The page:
The airstrike on Abs Rural Hospital in Yemen's Hajjah governorate on 15 August was the fourth attack on a Médecins Sans Frontières (MSF) hospital in 10 months. That didn't lessen the shock.
Sixteen-year-old ambulance driver Ayman Issa Bakri was among the 10 dead. He had been working there since MSF began supporting the hospital in the summer of 2015. When his body was found near the impact site, he was still holding the woman he had been transferring from the ambulance to the A&E.
Shortly after, MSF announced it was winding up its operations in Yemen; it is hard to imagine the despair that Yemenis feel when the only hospital for miles disappears.
At the site of the ruined hospital, Amnesty International identified remnants of bombs that appear to have been manufactured either in the USA or the UK. This would be consistent with what we know about prolific arms exports by these countries to Saudi Arabia and other members of its military coalition.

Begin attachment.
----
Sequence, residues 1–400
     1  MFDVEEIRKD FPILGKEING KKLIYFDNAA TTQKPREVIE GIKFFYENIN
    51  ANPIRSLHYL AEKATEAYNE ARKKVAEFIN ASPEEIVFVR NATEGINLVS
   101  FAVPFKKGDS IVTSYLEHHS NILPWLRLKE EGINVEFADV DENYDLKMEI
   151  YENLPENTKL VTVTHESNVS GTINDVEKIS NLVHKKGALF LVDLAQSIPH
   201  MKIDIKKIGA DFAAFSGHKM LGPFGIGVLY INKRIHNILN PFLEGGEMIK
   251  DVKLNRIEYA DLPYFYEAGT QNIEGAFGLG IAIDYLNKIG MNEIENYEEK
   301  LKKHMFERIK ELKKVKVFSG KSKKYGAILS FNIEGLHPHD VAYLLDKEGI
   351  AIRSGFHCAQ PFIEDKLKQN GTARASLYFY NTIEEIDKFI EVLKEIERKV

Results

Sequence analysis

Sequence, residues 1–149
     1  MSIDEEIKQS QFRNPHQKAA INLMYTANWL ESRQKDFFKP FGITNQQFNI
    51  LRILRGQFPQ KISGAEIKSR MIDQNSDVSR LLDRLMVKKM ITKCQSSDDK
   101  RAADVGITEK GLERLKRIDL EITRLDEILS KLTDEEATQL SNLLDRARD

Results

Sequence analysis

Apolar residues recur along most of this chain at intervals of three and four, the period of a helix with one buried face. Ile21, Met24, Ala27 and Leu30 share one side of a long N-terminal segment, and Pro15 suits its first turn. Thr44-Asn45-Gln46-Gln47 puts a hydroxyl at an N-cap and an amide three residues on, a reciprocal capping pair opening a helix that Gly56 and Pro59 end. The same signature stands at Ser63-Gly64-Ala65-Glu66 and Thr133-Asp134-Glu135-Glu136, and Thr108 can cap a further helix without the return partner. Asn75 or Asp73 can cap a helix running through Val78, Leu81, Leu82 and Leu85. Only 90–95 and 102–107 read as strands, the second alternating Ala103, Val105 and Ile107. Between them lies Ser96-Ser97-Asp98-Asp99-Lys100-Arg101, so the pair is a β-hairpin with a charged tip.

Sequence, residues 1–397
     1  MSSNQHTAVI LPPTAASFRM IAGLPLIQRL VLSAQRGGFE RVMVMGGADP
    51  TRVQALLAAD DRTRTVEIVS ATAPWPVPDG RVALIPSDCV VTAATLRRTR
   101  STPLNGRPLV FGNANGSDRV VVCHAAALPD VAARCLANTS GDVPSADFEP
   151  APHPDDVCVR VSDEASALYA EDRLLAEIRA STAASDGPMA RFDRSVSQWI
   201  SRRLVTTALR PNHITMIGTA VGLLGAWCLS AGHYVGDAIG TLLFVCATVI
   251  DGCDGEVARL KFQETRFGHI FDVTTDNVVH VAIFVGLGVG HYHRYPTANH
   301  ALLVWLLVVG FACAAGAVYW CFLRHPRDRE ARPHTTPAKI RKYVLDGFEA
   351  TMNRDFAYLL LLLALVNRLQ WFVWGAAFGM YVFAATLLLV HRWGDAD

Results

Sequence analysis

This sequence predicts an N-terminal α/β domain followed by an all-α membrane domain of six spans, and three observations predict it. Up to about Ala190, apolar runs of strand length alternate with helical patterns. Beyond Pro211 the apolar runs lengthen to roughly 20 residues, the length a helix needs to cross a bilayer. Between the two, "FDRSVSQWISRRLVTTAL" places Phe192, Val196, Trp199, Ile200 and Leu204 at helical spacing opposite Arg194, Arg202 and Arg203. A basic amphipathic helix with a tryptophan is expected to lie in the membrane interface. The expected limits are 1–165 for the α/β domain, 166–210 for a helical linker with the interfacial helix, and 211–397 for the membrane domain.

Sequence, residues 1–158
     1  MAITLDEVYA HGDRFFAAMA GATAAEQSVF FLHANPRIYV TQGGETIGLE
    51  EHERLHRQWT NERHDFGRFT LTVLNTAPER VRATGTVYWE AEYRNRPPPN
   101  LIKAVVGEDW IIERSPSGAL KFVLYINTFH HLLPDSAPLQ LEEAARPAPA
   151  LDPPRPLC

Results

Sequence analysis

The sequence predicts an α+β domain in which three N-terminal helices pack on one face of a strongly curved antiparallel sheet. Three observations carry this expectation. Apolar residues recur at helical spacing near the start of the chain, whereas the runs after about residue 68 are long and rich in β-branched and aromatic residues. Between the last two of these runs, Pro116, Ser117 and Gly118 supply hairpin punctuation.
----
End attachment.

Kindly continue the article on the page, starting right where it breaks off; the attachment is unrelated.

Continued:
Meanwhile, UK and US delegates were preparing to attend the second Conference of States Parties to the Arms Trade Treaty (ATT), which wraps up in Geneva today. The ATT sets out prohibitions on transfers of weapons where it is known that they would be used in war crimes – for example in indiscriminate or direct attacks against civilians. The UK has ratified the treaty, so it is bound by its rules; as a signatory, the USA must not take any action to undermine its object and purpose.